Trustees: Medicare Relatively Sound, Social Security Disability Shakier

Tuesday, 29 Jul 2014 07:37 AM

By Elliot Jager

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Medicare will be able to pay full hospital coverage for its clients through 2030. Social Security's disability program will start running out of money late in 2016, The Wall Street Journal reported, citing a report by the trustees of Social Security and Medicare

Some 11 million Americans depend on disability benefits up from 7.9 million in 2004.

To fill the anticipated hole, Treasury Secretary Jacob Lew has agreed to allocate additional payroll-tax revenue to the disability fund. The money would come from Social Security's main program which pays monthly retirement benefits.

The combined Social Security funds would deplete their reserves by 2033 assuming Congress agrees to the change, the Journal reported.

Experts are at a loss to explain why Medicare's hospital-insurance program, which covered another 1 million people in 2013, spent less on benefits than in 2012 except to note that fewer patients have been hospitalized and re-admitted. What they can say is that the program will remain solvent four years beyond earlier projections through 2030, the Journal reported.

Department of Health and Human Services Secretary Sylvia Mathews Burwell credits Obamacare with the reduction in hospital readmissions. The Affordable Care Act gives hospitals incentives not to readmit patients.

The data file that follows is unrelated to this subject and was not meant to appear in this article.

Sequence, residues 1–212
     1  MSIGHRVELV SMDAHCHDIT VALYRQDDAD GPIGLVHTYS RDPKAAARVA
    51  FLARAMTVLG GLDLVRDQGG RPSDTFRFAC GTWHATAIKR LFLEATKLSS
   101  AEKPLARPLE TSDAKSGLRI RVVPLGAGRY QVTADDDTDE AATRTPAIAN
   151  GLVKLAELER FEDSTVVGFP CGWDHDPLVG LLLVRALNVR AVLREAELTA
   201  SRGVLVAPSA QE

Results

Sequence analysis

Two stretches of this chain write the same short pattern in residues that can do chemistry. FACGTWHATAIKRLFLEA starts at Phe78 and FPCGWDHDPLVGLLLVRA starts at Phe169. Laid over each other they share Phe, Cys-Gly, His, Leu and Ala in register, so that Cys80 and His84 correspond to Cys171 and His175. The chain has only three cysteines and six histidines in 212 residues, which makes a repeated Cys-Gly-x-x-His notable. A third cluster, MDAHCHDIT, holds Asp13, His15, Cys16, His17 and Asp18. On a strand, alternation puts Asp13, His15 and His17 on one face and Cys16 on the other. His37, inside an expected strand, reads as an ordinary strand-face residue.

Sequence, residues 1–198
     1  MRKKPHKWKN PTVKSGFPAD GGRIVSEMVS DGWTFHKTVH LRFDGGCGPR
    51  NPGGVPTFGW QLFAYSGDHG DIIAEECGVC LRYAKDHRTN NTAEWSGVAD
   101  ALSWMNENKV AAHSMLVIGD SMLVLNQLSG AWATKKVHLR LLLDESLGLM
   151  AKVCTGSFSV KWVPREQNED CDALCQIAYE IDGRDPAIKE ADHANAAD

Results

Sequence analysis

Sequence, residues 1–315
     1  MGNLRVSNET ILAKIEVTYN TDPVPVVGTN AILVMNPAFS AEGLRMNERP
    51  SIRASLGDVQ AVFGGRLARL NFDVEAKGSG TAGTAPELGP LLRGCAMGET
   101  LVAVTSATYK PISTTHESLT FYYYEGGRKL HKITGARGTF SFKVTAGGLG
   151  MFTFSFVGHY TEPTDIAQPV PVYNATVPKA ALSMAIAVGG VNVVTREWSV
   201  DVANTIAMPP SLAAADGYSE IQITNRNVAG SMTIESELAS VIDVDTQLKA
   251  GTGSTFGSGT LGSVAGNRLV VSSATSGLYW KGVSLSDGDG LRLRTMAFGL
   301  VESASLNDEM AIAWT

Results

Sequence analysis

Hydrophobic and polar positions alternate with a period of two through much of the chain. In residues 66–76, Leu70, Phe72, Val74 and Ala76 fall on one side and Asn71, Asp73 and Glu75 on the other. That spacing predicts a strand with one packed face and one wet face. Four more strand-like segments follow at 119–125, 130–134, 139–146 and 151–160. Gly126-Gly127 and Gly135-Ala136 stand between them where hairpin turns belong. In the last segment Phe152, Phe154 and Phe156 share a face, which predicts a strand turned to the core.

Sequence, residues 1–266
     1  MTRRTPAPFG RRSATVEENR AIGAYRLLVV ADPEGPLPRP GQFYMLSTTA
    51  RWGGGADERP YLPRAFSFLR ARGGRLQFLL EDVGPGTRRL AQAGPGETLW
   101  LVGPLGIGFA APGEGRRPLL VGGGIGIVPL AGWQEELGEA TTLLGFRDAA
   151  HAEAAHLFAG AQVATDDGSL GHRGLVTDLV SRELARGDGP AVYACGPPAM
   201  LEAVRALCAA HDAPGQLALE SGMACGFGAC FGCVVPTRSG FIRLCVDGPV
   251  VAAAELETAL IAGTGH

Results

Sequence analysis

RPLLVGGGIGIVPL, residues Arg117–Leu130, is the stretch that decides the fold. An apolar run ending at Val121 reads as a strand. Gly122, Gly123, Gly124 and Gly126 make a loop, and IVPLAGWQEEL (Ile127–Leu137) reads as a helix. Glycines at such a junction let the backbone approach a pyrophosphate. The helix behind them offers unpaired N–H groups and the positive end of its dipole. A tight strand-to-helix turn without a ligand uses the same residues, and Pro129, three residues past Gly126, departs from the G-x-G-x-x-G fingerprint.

Another guess is that aging baby boomers are in relative good health compared to their parents and grandparents.

Between the aging U.S. population and rising healthcare costs, the Medicare trust fund is projected to be depleted in 2030 when beneficiaries would have their benefits reduced.

There is no consensus about whether or how to reform Social Security. Some will point to Medicare's stability as making the case for doing little or nothing. That would be a mistake, according to Robert Reischauer, a Democrat and trustee of the program.

"The sooner that lawmakers act, the broader will be the array of policy options that they can consider and the greater the opportunity will be to craft solutions that are both balanced and equitable," the Journal reported.

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